Eric and I ran together for about the first 20 miles. The B&A trail is somewhat boring and even with all the other runners on the trail, there were stretches where you could easily be alone or far enough from other runners that you felt alone. Having someone to talk to, breathe with, share a pace with definitely made the race better. I cannot imagine some of those miles alone. Our paces changed a little after the 20-mile mark and even though we were separated only by a 1/4 mile or so, it was still nice to know there was someone you were also going to share the success of finishing with.
The last four miles for me were tough. I had quite a bit of pain in my left IT band and a few times I thought my leg would give out. I limped through a couple steps and then would power through to a normal stride. I desperately wanted to sprint as much as I could across the finish line, and I did.
Now that it’s over I’m thinking about what I did right, what I did wrong, and what I will do next. My IT band definitely needs my full attention, ice, ibuprofen, stretching, and minimal running for a bit. The other muscles could use equal treatment as well.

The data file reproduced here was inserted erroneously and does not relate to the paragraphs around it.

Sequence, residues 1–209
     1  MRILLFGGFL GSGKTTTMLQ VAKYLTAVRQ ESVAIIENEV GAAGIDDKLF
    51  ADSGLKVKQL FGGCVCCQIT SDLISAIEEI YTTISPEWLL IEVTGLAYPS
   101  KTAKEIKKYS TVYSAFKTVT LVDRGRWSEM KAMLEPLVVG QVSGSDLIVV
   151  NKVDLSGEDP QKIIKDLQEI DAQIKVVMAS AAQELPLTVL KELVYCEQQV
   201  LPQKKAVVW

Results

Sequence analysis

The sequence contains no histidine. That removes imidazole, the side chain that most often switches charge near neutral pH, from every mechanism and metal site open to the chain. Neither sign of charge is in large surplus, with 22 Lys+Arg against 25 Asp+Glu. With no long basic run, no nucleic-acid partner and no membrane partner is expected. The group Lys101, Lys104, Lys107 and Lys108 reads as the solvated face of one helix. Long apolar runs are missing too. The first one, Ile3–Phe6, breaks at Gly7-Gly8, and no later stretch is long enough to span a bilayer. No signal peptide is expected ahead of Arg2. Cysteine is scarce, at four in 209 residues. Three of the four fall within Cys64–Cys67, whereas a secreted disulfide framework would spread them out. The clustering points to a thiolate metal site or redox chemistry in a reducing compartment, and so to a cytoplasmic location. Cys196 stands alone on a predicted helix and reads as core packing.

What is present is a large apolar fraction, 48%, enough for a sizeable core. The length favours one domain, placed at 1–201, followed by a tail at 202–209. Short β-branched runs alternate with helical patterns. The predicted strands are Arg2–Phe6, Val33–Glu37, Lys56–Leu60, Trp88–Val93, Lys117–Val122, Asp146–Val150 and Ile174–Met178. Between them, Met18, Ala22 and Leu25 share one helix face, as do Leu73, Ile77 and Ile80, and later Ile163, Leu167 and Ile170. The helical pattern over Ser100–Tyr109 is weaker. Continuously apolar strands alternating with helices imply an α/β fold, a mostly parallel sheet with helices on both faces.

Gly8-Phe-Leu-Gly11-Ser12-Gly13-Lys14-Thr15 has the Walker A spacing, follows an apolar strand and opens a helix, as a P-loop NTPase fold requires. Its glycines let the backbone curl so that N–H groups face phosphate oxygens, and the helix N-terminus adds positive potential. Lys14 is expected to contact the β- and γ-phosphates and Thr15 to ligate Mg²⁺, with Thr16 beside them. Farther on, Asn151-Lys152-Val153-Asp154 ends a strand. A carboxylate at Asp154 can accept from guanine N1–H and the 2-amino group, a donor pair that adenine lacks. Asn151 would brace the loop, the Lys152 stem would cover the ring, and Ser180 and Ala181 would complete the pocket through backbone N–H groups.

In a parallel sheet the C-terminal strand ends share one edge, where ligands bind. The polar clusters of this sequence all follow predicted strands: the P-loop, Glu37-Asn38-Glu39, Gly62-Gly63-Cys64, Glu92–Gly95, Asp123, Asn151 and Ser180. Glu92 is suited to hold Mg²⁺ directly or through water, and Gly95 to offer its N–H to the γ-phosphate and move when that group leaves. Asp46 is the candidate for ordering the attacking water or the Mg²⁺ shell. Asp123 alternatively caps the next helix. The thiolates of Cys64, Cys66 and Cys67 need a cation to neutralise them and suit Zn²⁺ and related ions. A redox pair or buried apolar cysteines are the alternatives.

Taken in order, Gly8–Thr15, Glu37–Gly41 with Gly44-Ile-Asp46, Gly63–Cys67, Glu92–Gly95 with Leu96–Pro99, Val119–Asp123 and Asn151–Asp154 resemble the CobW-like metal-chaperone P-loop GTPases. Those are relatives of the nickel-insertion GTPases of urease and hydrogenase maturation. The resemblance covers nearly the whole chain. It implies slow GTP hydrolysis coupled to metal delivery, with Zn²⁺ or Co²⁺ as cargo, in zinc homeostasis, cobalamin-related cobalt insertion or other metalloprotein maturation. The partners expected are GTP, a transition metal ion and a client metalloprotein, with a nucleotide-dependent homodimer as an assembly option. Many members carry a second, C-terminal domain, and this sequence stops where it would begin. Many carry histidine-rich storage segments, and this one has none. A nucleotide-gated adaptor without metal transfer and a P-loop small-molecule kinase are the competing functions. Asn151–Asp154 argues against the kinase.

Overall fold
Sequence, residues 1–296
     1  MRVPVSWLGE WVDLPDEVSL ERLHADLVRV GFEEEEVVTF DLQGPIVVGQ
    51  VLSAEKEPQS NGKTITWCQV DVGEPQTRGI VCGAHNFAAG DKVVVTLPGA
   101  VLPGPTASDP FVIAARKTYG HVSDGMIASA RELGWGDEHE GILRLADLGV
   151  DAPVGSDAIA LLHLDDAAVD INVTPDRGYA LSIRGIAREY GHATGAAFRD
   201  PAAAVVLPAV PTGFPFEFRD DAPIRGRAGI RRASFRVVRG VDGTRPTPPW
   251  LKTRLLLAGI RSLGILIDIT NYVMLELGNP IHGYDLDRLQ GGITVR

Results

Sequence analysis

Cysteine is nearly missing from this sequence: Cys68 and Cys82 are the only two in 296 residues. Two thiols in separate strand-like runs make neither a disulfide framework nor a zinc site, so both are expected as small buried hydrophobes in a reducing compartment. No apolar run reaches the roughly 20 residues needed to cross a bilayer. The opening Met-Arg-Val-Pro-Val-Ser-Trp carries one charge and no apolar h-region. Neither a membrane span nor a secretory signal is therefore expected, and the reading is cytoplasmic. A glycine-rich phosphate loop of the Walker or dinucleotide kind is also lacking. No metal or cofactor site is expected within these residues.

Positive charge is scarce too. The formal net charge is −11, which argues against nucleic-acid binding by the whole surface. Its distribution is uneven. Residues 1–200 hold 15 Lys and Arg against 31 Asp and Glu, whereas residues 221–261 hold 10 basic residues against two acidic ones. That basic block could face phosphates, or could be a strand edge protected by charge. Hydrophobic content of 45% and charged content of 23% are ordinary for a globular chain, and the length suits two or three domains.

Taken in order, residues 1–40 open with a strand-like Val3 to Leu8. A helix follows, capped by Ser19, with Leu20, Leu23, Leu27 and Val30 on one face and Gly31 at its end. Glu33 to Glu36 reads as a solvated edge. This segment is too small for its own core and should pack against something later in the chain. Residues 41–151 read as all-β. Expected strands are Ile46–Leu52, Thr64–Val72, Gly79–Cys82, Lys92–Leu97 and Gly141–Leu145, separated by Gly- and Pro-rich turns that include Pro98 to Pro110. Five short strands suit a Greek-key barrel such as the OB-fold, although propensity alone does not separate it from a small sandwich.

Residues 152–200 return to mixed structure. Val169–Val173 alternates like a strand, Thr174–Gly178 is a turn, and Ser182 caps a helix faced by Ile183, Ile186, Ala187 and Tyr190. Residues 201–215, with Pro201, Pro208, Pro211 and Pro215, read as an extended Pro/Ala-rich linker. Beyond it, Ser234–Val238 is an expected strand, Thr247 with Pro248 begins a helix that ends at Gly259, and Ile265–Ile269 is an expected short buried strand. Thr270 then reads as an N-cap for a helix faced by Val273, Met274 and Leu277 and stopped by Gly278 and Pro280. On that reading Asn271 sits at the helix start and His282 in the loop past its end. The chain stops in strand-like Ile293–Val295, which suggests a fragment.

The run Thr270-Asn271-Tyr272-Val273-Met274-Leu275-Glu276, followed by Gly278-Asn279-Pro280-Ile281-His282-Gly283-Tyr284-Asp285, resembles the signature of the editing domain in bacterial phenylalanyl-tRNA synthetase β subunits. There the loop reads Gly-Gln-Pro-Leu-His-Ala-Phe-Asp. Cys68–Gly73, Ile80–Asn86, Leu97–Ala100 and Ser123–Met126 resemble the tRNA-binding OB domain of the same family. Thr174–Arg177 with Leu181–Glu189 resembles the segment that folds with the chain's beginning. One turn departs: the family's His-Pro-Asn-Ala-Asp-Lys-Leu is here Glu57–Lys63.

There are many schools of thought on how to recover after a marathon and how to build back up the miles and it always seems to boil down to your level of experience in running and training and what your body is capable of handling. My personal running goal is to hit an 8-minute per mile pace for the 10K Cooper River Bridge Run April 4th. I’d like to build a stronger core, work on my breathing techniques and form, and focus on overall healthy living.
You only get one “first marathon” and still seems a little surreal that mine is now over. The experience is no doubt unique, special, and memorable for everyone. What was yours like? Is there just one emotion that comes to mind when you think of your first? I don’t think I could sum it up in one word. Maybe it’s something that will become clearer after doing more and I welcome that clarity of what it means to run 26.2 miles.
I also welcome your insight and memories.